Rounding the valley to a chorus of crackling thunderstorms we're pleased to note are in the distance, our fellowship finds itself hinged upon a steeper incline, though still enjoyable. It was Georgia that gave me vertigo six years ago and Georgia that shall take it away – a mantra of mine since that fateful March day at Davit Gareja cave monastery when a sandstorm whipped me from yonder hills prompting me to screech and lash out for one of the Azerbaijani border railings, an impulse that definitely saved my life. With each hill countered more are made visible – this is the rule of hiking. Think of it, should it lend clarity, as akin to a vast, savoury Vienetta – where with each bite you are privy to a whole new take on the landscape.
The sky took on a lowering, slate heaviness and the thunder neared. The first lake was to make itself known in an hour if we kept to this pace, it was declared. From one tower of cloud a helicopter chuckled into view making circles around the valley and directing our gaze to a snow-capped craggy behemoth of such terrific majesty as to silence all in unison. When I signed up for this post-prandial amble by the cricket ground I had no idea that soon enough I would be half-way up such a beast: in a hailstorm, waving a stick around like Obi Wan, all mountain-loopy, hallucinating bears and screaming my lungs out having fallen down some rocks. Alas, omniscience must be a bore.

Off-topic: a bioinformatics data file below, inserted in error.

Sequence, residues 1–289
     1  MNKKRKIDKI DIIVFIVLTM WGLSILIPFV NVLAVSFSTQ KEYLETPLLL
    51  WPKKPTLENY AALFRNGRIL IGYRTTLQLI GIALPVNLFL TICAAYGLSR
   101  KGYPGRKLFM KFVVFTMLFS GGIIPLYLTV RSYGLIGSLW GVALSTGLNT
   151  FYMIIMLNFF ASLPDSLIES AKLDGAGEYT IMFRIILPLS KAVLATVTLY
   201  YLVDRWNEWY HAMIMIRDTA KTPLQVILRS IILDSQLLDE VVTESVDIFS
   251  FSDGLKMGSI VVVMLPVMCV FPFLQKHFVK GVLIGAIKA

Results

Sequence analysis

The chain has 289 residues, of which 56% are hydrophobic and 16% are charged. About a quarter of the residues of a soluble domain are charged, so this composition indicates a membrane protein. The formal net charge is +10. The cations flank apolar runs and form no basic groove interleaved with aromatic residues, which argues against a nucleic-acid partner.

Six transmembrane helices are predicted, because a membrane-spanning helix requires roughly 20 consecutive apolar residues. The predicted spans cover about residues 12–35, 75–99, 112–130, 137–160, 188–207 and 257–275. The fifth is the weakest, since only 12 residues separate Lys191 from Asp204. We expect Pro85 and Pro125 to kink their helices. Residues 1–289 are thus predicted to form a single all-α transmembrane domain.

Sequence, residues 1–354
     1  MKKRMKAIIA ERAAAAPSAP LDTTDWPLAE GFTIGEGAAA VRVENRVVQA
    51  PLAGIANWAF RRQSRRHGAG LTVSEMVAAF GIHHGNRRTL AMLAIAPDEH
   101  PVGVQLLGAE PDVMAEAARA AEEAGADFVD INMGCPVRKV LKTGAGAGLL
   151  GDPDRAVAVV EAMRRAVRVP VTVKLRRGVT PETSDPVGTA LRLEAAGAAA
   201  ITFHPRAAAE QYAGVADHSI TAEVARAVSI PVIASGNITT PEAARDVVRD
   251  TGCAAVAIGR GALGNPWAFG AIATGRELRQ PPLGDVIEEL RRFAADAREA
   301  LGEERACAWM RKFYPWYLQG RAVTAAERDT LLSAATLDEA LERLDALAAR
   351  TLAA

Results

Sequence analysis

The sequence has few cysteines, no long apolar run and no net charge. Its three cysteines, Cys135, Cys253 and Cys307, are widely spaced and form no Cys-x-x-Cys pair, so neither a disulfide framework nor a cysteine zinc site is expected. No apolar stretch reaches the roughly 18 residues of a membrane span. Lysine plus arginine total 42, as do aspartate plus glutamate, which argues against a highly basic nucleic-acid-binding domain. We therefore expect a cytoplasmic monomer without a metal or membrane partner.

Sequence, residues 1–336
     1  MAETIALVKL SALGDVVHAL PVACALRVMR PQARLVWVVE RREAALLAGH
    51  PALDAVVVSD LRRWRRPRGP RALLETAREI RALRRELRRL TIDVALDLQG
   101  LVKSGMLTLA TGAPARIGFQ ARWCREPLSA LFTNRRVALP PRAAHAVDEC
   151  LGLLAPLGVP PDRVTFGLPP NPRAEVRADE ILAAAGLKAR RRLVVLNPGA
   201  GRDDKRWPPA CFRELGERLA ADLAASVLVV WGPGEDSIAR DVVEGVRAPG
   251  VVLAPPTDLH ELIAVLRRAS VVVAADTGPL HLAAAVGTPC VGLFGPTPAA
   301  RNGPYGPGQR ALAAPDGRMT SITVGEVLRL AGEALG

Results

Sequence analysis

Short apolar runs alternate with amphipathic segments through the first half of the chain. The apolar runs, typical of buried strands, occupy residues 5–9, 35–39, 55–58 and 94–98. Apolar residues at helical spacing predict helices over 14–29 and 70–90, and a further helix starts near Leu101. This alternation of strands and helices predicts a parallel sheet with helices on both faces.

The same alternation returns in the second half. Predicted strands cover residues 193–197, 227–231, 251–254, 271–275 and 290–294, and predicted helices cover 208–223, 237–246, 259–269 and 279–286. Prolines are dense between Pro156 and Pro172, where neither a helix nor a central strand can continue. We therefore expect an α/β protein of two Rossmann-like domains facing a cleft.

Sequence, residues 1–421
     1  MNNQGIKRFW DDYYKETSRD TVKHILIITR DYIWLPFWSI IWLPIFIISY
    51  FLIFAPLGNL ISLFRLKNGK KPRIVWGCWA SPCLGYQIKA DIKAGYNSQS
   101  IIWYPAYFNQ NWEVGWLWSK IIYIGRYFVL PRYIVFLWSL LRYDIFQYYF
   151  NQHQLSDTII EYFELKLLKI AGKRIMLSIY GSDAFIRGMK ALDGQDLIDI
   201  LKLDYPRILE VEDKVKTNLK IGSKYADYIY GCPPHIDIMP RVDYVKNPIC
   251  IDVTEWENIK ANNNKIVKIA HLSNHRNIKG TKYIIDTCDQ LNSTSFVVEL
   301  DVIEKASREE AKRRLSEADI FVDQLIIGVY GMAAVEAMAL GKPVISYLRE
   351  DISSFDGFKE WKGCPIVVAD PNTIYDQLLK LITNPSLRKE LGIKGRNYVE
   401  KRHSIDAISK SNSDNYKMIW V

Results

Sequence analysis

As we drew near the first (green) lake the terrain toughened with such subtlety that if attention weren't paid, one might miss the fact that our pastoral valley perambulation had chastened to a cartilege-smashing scramble up a steep, rocky hill. Reservations were aired and met with the unequivocal refrain “we've come this far so...” under whose chant we laboured on: the lake itself was stunning and so we were duly told were the other two. With great relief we came to learn the second (blue) lake was only five minutes from the first. A deserved break was enjoyed here, gazing at its aquamarine invitation in humbled awe. The natural composition of sky-rattling chunk of rock framing cool, blue Alpine lake is one of essential harmony and certainly in this case one of the most beautiful landscape arrangements upon which I've ever laid wide eyes and knackered feet.
Beers were spilled, and meagre pockets of insufficient snacks chowed down upon and away we shambled for lake three (white.) This is where the terrain became positively lunar and while easily appreciated via a postcard, to clamber across these narrow shingle paths and brutal terraces of ankle-bashing rock for two hours, three hours into a hike for which one is preposterously unprepared, is a more a serious business. The helicopter continued its spiral surveillance above us and for this I was grateful as it signified something of an escape clause if things were to get genuinely hairy.